It reminds me of the anti-drug commercial that’s been running lately. The message is basically that even if you used to be a rampant pothead, you still have the right and responsibility to talk to your kids about drugs. They don’t go into the ethical quandaries of what to do if you’re still smoking the ganja and can’t take that moral high road with your kid, but the message comes through loud and clear if you’re sober. Yes, people can change. People change their habits, people change alliances, people change their whole lives. Rehabilitation in every form is indeed possible.
But (back to the point above) conservatism is entrenched in its own certainty. To the conservative, uncertainty is a weakness, something to be exploited in others. There is no such thing as a meaningful dialogue, because nothing – no facts, no opinions, no alternative perspectives – is going to change the way a truly conservative person sees anything. And nine times out of ten it’s a black-and-white perspective.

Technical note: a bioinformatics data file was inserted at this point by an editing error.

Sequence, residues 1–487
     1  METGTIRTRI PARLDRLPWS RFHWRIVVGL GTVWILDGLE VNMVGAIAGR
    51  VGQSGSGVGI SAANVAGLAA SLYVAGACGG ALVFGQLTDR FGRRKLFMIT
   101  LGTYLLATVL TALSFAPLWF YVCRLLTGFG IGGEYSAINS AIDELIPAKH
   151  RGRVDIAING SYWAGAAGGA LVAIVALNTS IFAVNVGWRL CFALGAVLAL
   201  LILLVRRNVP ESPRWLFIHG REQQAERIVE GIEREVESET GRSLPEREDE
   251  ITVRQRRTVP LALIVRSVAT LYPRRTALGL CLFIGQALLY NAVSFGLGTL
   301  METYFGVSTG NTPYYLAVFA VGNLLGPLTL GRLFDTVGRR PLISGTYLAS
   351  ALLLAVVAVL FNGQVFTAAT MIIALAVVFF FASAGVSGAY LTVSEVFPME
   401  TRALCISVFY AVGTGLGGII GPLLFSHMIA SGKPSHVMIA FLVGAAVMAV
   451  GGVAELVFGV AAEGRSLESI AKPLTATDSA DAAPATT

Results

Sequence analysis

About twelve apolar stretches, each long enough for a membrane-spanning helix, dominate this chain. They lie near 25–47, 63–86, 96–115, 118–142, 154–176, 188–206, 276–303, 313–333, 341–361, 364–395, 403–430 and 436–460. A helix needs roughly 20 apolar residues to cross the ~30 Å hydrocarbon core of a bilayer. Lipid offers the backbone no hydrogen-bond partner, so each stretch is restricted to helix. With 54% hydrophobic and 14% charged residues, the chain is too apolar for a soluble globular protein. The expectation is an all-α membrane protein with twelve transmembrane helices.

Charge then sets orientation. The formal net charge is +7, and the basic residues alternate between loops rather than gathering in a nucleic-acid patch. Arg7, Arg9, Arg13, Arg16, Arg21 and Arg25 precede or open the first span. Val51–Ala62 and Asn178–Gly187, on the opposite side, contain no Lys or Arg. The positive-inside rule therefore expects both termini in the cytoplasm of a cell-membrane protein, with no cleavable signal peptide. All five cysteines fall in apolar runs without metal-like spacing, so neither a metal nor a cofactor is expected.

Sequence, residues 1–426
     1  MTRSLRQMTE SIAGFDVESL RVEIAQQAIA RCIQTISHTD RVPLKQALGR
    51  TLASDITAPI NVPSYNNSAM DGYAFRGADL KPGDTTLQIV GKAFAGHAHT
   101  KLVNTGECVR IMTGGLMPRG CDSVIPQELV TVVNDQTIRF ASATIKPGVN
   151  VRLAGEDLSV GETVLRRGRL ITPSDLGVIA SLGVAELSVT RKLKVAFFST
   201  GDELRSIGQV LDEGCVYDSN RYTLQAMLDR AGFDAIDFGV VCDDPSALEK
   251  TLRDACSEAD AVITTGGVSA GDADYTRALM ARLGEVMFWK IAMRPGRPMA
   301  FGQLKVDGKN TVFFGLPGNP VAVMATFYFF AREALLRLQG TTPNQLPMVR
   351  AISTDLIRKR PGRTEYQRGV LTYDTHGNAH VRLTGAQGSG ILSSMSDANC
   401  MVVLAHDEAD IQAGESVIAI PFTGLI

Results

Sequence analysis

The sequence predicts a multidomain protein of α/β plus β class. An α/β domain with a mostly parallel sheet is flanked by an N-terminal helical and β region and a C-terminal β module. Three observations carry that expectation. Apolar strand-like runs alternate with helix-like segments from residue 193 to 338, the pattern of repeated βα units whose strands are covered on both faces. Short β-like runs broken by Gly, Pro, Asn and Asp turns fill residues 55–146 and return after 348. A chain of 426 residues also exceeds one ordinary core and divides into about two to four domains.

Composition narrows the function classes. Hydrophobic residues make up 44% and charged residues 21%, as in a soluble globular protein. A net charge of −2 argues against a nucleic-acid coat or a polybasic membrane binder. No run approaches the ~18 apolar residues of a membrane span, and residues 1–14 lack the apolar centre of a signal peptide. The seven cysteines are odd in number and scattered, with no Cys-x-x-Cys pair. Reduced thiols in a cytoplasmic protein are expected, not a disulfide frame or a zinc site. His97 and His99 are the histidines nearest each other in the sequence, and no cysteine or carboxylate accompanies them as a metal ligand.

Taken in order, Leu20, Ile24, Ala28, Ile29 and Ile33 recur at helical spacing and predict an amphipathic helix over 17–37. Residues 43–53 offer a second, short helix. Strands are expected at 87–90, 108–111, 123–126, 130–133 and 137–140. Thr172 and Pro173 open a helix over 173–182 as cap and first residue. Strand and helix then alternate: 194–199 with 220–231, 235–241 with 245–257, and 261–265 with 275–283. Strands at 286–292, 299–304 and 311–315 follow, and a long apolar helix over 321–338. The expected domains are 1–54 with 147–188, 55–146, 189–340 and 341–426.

I’ve seen some rays of sun through the clouds, though. People I would never have expected to question the status quo are doing just that. Conversations in the break room of this firmly entrenched red community are starting to reflect uncertainty and disillusionment. Great. Fantastic. Now if I can just work my way into these conversations without looking like a left-wing nutjob, I might be able to help this process along. Until I can figure that out, it’s best I keep my mouth shut. You may have noticed I sometimes get a tad heated about these issues – you know, the needless death and suffering thing, ‘specially when it gets served on a platter of greed and deception, slathered with that yummy patriotism gravy.
Three people over the last week have brought up the same point to me. There’s nothing you can do, they tell me. There’s nothing we can do, except pray.
Yeah, I can pray. I can also bitch and complain, even if it’s just to people who have heard this so many times they’re sick and tired of repeating the conversation or reading yet another rant. I can also collect information from various sources instead of just one flippant ratings-hog. I can question everything. I can open dialogues with people who have other bits of information, some of whom are lots smarter than I am, and I can question what these people say, too.
So can you.
I’ve made my own decision about the validity of the Downing Street Memos. So should you.